Unemployed workers who face never being employed at comparably paying jobs because their training and skills have become obsolete.
Family
Social arrangements whereby people related by ancestry, marriage, or cohabitation live together, form an economic unit, and often raise children
Household
Residential unit in which members share resources. These units vary in membership and composition. A household is not always a family (parents and children) and a family is not always a household (because it may be separate geographically)
Downward mobility
movement to a lower social class
Modern Family
Nuclear families that emerged in response to the requirements of an urban, industrial society. It consisted of an intact nuclear household unit with the male breadwinner, full time homemaker wife and their dependent children
Postmodern Family
Multiple family forms and household arrangements that have emerged as a result of a number of social factors, such as women in the labor force, divorce, remarriage, and cohabitation arrangements
Nonfamily households
Persons who live alone or with unrelated individuals
Dual Worker Family
Family in which both spouses are in the labor force
Family and Medical Leave Act of 1993
Federal law providing workers in establishments with more than fifty workers the right to unpaid, job protected leave for meeting family health needs
Family Values
Conservative phrase supporting the two-parent family. The implication is that all other family arrangements are the source of social problems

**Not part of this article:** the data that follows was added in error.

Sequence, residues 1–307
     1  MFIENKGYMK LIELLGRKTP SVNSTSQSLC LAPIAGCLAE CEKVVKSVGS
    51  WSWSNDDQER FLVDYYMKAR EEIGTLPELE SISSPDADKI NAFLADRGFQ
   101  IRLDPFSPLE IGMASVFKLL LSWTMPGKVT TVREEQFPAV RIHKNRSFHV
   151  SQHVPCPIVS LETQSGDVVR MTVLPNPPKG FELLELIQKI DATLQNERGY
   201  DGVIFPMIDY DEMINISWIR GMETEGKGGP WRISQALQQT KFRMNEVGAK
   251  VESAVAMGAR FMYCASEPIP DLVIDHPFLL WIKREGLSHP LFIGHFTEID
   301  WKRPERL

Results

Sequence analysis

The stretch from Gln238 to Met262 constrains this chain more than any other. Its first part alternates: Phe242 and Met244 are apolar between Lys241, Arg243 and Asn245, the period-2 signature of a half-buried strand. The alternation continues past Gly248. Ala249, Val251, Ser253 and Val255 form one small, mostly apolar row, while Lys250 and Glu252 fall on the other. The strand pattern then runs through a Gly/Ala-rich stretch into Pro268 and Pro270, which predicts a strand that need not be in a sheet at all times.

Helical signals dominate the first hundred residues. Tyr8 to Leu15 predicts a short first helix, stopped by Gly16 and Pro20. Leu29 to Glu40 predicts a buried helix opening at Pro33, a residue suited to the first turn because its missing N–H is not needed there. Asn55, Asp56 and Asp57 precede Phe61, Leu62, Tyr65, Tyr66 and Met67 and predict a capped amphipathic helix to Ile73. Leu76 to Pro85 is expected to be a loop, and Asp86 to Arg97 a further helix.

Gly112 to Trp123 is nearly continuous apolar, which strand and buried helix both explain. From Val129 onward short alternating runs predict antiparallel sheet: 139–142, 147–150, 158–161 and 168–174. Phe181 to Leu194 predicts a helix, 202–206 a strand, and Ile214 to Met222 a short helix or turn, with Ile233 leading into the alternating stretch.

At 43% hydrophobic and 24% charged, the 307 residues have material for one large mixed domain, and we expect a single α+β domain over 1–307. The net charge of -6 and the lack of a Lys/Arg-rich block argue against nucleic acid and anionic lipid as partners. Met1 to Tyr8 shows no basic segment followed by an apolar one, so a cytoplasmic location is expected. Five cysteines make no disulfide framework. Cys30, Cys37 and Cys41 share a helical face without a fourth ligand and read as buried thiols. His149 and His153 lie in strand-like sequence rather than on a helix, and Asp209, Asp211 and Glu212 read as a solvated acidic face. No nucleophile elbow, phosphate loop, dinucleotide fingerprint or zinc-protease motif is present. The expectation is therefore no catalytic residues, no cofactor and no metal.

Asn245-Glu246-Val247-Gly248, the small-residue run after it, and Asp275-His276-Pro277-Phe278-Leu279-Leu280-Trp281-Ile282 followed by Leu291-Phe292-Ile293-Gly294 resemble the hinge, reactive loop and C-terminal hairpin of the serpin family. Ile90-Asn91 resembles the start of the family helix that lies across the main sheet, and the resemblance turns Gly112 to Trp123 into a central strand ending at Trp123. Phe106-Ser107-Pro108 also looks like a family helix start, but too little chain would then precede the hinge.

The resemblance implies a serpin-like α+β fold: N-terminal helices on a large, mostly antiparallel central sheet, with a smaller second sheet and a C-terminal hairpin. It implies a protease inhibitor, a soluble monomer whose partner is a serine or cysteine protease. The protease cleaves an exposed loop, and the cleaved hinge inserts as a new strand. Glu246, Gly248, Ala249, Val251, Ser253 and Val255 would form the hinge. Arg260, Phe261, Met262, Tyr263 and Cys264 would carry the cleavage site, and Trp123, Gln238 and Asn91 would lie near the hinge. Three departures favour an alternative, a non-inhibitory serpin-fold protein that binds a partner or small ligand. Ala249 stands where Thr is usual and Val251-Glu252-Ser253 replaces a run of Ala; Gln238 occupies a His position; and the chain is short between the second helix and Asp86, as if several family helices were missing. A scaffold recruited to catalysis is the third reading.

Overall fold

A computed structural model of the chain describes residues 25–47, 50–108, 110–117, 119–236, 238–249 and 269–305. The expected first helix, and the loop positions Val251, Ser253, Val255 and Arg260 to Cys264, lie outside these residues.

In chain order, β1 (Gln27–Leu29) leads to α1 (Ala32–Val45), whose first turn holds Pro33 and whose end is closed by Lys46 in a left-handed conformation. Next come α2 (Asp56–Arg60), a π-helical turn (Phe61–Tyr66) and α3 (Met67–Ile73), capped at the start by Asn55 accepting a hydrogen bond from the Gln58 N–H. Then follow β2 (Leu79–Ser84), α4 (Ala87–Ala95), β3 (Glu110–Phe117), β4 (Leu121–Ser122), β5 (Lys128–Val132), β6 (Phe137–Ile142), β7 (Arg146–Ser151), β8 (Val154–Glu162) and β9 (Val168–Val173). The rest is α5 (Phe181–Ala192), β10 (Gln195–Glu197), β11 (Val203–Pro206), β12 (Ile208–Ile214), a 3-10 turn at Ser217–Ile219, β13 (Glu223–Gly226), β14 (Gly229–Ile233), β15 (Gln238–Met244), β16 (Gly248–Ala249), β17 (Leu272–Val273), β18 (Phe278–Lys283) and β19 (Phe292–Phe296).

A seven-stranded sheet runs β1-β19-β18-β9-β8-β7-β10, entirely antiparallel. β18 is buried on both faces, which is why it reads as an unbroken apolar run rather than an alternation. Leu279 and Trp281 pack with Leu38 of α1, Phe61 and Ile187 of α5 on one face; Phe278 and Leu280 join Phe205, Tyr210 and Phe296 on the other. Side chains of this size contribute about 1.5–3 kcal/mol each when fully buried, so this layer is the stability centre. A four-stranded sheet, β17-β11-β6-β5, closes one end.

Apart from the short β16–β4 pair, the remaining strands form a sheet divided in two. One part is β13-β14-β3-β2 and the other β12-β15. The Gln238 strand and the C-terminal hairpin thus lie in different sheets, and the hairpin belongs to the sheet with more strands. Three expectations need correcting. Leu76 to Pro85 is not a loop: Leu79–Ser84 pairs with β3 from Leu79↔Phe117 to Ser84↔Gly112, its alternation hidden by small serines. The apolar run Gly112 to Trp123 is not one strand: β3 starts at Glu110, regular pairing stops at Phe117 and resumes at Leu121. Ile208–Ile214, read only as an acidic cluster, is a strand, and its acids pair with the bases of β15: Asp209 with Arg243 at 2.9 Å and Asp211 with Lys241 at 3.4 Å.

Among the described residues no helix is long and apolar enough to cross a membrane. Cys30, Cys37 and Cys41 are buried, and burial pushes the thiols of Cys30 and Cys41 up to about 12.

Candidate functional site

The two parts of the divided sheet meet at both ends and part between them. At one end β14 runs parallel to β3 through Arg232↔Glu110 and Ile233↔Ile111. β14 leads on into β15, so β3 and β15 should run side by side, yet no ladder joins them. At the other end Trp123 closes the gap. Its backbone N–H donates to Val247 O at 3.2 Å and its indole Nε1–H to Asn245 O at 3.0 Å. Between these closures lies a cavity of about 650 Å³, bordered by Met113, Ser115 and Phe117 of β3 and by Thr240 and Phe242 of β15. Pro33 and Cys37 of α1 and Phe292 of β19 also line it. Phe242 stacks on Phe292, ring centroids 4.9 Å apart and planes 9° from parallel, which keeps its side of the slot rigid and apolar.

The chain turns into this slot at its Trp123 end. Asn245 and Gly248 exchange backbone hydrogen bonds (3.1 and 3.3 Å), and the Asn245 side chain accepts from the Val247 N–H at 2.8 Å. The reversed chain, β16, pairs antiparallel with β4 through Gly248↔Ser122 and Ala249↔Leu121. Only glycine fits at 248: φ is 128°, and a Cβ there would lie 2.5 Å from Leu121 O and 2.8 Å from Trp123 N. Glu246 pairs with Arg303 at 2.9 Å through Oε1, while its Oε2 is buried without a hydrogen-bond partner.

Wife Abuse
Use of physical force by a man against his intimate cohabiting partner
Child Abuse
Distinctive acts of violence and nonviolence and acts of omission and commission that place children at risk
Pronatalism
Strong positive value a society places on having children
Tracking
Ability grouping in Schools
Student Subculture
Members of the disadvantaged band together in a group with values and behaviors antagonistic toward school
Infant Mortality Rate
Number of deaths per 1000 live births
Defensive medicine
The practice of requiring extra diagnostic tests and medical procedures to protect the physician from liability
Medicare
Government program that provides partial coverage of medical costs primarily for people over age 65
Medicaid
Government health program for the poor
Patient Dumping
Practice by physicians and private hospitals of treating only patients who can afford their services
Health Maintenance organization
Health program in which members pay a fixed annual fee in return for all necessary health services
Medlining
Practice of managed care companies of limiting the number of patients with health problems and maximizing the number of healthy patients
Single Payer Plan
Tax supported health program in which the government is the sole insurer